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No trace of hundreds of forcibly disappeared people in Al-Anbar

The Iraqi Observatory for Human Rights said that more than 600 people had been missing in June 2016, and there were no government follow-ups to track their trace which represented a real shock to their parents, who are waiting for information even if it's bad about their children.

 

Five families from Ameriya Al-Fallujah camp reported to the Iraqi Human Rights Observatory that they are still searching for their lost children during their escape from Falluja to Amiriya Al-Fallujah district in 2016. The families haven't received any information from the Iraqi government about the fate of their children.

 

In June 2016, while the Iraqi security forces and their support forces were working to liberate Al-Anbar province from ISIS, thousands of residents of Al-Anbar province emigrated towards the district of Amiriya Al-Fallujah and Bzebez bridge to reach Baghdad, but 600 or more people disappeared along the road and their fate is still unknown.

 

 

The Iraqi Observatory for Human Rights said the testimonies of the dispeared people families indicate the presence of dozens of children among those who disappeared while trying to escape from war zones. This is a matter of great concern, and government actions can not remain hidden or shy about this file.

 

A group of eyewitnesses whom we met at  Amiriya camp in Falluja west of Baghdad said that "armed men in uniform clothes took the men and isolated them from women in a desert area as they were passing to reach the areas controlled by the Iraqi army."

 

She also said that "civilian buses transported those who were isolated to other places, no one knows them, they put them in the buses without telling them where they are heading or identify themselves while they were surrounding them with weapons.” 

 

 

 one of those who had been isolated and released weeks later said” We were beaten and tortured and stayed for days without any food or drink, we couldn't find a place to defecate or to sleep or to sit, we use to sleep with our hands tied while sitting and sleeping in the same position and no one treated us with respect".

 

He also said

"There was no interrogation and no one asked us, they were always torturing us with water, electric shocks or even sticks and iron. The beating was brutal and random without knowing why we are being beaten or why we are here, for what cause we have committed or the identity of the people who is torturing us.

 

In June 2016, the office of Prime Minister Haidar al-Abadi formed a committee to investigate the disappearances and abuses involved in the context of the military operations to restore Falluja. Anbar province also took the same step and also formed an investigative committee which later indicated that the displaced people who disappeared are registered as missing persons.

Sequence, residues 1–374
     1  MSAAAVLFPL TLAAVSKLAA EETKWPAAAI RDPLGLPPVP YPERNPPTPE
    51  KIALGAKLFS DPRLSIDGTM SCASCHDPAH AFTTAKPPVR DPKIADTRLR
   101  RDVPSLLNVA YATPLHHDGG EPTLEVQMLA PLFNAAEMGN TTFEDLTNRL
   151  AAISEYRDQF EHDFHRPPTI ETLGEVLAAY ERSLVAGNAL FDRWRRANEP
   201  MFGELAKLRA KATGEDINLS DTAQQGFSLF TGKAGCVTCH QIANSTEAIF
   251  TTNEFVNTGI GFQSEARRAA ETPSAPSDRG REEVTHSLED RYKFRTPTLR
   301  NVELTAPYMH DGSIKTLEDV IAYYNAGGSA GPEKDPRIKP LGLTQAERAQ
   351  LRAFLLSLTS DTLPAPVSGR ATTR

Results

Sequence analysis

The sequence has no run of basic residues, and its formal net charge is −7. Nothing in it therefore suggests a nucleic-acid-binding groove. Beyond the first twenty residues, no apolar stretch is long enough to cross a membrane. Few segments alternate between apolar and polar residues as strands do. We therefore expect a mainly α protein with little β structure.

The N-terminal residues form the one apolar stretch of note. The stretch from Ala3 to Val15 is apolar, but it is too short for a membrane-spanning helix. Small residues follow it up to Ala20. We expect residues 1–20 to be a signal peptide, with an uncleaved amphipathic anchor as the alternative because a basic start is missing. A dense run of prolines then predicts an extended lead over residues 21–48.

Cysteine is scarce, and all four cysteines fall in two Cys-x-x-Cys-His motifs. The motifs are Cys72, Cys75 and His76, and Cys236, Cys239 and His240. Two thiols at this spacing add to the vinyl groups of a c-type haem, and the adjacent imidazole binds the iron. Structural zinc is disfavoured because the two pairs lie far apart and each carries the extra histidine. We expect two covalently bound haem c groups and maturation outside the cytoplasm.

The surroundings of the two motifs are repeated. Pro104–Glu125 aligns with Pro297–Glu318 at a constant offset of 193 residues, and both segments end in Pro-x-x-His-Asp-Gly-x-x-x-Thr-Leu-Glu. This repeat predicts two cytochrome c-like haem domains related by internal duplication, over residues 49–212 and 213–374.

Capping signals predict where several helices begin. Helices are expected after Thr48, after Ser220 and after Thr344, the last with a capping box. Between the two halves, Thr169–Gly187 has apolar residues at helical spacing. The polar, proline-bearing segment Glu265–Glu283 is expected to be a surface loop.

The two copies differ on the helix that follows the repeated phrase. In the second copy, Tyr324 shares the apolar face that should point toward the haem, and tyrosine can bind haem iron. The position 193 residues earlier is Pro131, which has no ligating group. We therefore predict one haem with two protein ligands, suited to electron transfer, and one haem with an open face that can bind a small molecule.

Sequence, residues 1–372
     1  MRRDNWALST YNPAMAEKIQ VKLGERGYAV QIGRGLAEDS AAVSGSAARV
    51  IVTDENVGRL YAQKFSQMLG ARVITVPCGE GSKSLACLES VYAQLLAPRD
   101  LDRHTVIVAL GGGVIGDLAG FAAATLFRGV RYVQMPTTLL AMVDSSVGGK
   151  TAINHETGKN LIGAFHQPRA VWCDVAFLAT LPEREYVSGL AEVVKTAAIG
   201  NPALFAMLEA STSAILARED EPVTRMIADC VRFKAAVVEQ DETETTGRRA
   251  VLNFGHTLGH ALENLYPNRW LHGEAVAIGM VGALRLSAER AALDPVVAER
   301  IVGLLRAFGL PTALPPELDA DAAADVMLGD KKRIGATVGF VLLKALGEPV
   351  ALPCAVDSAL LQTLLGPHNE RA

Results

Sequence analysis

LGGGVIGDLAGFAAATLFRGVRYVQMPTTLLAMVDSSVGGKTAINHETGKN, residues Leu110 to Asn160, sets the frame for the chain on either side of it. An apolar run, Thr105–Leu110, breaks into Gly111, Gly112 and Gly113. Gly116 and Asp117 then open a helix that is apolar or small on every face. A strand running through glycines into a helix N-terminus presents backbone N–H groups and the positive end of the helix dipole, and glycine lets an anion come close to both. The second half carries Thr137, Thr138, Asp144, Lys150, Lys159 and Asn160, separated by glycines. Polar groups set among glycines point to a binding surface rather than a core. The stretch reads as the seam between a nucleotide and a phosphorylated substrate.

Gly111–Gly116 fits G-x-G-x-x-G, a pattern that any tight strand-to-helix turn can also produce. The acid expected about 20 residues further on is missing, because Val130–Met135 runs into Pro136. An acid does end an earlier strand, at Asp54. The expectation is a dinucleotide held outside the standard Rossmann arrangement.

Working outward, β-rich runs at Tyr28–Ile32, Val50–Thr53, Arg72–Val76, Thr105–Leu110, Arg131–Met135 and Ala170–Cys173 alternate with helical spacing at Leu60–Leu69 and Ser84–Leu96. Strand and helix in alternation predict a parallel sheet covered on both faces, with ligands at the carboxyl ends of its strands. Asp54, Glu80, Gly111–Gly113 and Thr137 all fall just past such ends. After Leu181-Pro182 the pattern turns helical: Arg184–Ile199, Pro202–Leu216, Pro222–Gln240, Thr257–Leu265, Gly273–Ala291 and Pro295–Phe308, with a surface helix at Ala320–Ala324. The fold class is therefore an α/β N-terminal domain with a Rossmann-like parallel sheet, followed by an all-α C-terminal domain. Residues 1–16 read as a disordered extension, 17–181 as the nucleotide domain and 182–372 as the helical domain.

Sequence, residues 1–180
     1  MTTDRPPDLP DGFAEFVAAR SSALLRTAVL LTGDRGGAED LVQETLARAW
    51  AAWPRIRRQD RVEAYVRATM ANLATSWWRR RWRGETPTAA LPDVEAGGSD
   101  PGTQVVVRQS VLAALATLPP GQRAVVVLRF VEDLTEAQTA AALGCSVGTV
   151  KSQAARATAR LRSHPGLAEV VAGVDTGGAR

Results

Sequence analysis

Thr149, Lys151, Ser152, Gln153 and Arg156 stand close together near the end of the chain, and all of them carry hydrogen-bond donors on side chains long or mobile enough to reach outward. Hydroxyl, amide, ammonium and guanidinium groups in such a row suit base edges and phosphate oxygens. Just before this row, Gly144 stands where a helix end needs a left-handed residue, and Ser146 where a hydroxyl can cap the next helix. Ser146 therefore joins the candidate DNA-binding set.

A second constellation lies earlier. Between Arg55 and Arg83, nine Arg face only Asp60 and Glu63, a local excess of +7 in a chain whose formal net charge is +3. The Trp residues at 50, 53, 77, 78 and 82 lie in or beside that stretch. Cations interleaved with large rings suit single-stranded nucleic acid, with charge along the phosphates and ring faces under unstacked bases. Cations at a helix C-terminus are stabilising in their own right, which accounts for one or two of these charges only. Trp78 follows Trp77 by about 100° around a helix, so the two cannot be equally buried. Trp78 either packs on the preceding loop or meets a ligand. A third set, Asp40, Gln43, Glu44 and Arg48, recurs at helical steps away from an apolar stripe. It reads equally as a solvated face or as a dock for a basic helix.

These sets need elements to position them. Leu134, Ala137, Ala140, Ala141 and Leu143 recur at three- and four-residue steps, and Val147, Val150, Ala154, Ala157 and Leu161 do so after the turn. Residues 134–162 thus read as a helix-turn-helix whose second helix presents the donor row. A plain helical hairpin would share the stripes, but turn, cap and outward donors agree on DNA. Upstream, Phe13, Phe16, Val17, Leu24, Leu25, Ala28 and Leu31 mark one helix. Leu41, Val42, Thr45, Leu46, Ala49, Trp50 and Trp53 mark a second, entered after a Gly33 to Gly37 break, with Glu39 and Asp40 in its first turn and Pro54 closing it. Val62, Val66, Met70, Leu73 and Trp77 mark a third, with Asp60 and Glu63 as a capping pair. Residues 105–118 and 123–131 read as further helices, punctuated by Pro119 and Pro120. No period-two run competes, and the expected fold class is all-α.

The Iraqi government has not taken any serious steps to determine the fate of these disappeared people as they are on their way to salvage from ISIS and trying to be far away from the battle zones between the Iraqi government forces and ISIS.

 

In article 2 of the International Convention for the Protection of All Persons from Enforced Disappearance, enforced disappearance is defined as "arrest, detention, abduction or any other form of deprivation of liberty committed by State agents, persons or groups of individuals acting with the permission or support of the State Or with their consent, followed by refusal to recognize deprivation of liberty or concealment of the fate or whereabouts of the disappeared person, thereby depriving him of the protection of the law. The Convention states that "the practice of general or systematic enforced disappearance is a crime against humanity".

 

a woman in her fourth decade said that 

"She lost her husband and brother, and now she lives in the camp with her family she wants to know anything about them or any news, Two and a half years ago I haven't heard anything about them. Where were they? Why did they disappear? are they alive or dead?.

 

 

She also added ”Some of those who were released talked to us about the torture they were subjected to, they did not know my husband or my brother, they were hundreds, maybe they were isolated in more than one place."

 

Her mother also talked to the observatory in tears ”my only son, I don't know his fate, When the women and men were isolated in the desert, I expected that I would never see my son again, isolation means that there is calamity.

 

she told the Iraqi Human Rights "I could not go outside the camp to look for him, no one knows him and I do not know where he is, I do not expect him to be alive, but I'm still waiting for him, being disappeared for that long doesnt mean he is alive, at least I want to recover his body.

 

The Iraqi Observatory for Human Rights request the Iraqi government and concerned parties to take the necessary steps to reduce the practice of enforced disappearance, to follow up outstanding cases and to provide support and compensation for the families of the disappeared people.

 

 

The Observatory asserts that the continued lack of interest of Iraqi governments in cases of enforced disappearance may harm Iraq's reputation in the human rights record and place it at the forefront of countries experiencing terrible human rights violations. Committees established at earlier times to investigate enforced disappearances must report their findings and not postponed it.